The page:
Pirate’s Choice Molasses Reef
Pirate’s Choice is an unusual rum. It bears special consideration in several respects. First, it was first distilled in a makeshift (and very illegal) contraption built on the second story of a scuba shop in Key Largo. This is highly braggable. Now created in a more professional (and legal) distillery, the rum is sold in classy squat bottles, complete with labels featuring a silhouette of a pirate ship at rest as a storm approaches. This is beautiful. And, most noteworthy of all, no rum since the golden age of piracy has gone through such effort to introduce, insert, and endear itself to the pirate community. And this, my friends, is remarkable and admirable. In fact, I first met the president of Pirate’s Choice at PyrateCon 2008 in New Orleans, where he was giving away t-shirts, stickers, temporary tattoos, and countless samples of his product to every rogue, wench, and scalliwagg he could find (and being PyrateCon, he found lots of them.) However, this wasn’t the first I’d tasted Pirate’s Choice – I’d had a sample some months prior – at Pirates in Paradise in Key West. As I write this review, Pirate’s Choice is currently promoting itself at the Hampton Blackbeard Festival, with plans to attend the Port Washington Pirate Festival in turn just one week later. In short – Pirate’s Choice Rum is busting its hump to be noticed by the pirate community, making it the first and only rum to look at modern day pirates and see a viable market worth persuing. I suppose this could be seen as a cold business strategy, but I actually view it as heartening. I mean, when’s the last time Captain Morgan gave a squat about us? And HE’s supposed to be a pirate!
OK, enough about Pirate’s Choice pro-piracy campaign – it’s brilliant, it’s awsome, so let’s talk about the rum.
In the bottle (which, as stated, is very pretty – and surprisingly solid feeling) Pirate’s Choice Molasses Reef is a deep, rich amber, with just enough red to imply some fire within. To the nose, however, this rum is immediately disarming. Strongly smelling of toffee and vanilla, I would venture to say this is indeed a flavored rum, as I can’t envision such prominent flavor coming from a “natural” aging process. In fact, very little “rum” makes it to the nose at all, leaving in its place a rich creaminess.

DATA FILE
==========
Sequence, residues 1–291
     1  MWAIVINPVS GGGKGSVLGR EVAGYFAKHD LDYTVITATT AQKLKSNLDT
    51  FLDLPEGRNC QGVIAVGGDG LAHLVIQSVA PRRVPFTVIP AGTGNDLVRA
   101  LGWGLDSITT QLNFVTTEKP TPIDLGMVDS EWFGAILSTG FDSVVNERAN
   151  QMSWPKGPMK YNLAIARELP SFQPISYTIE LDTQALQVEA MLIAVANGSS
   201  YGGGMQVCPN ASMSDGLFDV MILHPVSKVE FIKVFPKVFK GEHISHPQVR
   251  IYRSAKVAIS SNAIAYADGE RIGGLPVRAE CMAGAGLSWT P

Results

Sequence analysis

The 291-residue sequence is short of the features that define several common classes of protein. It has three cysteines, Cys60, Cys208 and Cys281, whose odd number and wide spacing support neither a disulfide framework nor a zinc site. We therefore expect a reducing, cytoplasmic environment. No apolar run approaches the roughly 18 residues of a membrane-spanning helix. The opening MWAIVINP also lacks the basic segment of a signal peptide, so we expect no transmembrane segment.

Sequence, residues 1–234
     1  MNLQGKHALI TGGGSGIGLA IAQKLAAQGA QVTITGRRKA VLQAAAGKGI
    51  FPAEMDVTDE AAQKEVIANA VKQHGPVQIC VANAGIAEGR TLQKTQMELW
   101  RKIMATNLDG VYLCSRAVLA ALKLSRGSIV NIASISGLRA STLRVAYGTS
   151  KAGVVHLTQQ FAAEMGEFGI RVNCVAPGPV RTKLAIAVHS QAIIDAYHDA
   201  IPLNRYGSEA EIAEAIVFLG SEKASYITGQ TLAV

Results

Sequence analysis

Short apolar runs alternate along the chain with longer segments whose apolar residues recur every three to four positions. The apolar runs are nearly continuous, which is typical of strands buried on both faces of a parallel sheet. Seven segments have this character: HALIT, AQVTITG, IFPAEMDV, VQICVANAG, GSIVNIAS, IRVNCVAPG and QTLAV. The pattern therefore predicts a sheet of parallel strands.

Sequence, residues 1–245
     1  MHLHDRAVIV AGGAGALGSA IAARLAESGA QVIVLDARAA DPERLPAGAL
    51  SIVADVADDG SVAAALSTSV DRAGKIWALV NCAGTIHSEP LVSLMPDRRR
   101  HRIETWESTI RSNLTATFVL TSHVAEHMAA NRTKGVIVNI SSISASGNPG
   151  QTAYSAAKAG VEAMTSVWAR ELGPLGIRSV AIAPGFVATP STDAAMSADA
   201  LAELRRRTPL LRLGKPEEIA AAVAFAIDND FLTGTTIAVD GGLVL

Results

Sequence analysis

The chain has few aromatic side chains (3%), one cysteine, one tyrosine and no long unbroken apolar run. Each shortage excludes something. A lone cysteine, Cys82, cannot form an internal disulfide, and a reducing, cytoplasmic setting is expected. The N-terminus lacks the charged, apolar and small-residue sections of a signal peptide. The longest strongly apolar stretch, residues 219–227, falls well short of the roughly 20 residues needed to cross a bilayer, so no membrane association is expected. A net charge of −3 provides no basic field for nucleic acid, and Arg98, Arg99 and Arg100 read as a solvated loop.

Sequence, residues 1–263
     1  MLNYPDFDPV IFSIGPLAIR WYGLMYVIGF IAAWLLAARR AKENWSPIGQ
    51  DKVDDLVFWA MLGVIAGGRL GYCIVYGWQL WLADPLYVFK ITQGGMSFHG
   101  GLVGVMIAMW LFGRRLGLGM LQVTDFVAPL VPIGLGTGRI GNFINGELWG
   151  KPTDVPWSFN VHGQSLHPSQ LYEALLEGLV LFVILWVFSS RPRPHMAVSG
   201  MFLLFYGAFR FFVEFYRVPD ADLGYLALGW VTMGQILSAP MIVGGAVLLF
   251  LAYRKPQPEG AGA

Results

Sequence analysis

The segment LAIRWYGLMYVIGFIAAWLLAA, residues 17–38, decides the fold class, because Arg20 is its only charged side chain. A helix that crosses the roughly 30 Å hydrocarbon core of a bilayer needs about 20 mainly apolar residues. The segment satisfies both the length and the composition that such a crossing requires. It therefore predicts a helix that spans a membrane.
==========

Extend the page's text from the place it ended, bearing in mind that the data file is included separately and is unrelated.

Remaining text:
On the lips and tongue, Pirate’s Choice is a unique experience – I struggled to taste, well, anything really – my tongue literally sensed nothing by way of flavor. And yet, it also sensed a growing chill. As the rum reached the back of my mouth, I again began to pick up on strong vanilla, followed by a long, warm finish that crept down my throat and then jumped back out to my lips – a tiny roundhouse kick of sensation, really.
Pirate’s Choice is definitely noteworthy. What it lacks in traditional “ruminess” it more that makes up for in dueling sensations and toffee tastes and aromas. It can be enjoyed straight, but I think this rum likely shines best in carefully chosen mixers. It’s dark nature and rich taste set it apart from all the white flavored mixer rums, while its simplicity and lack of alcohol taste seperate it from so many spiced rums. This rum is liquid candy, true, but it’s candy made by a skilled confectioner rather than some Hershey’s hack. So I guess that makes Pirate’s Choice’s president the true Willy Wonka of the Pirate World. Sorry Johnny.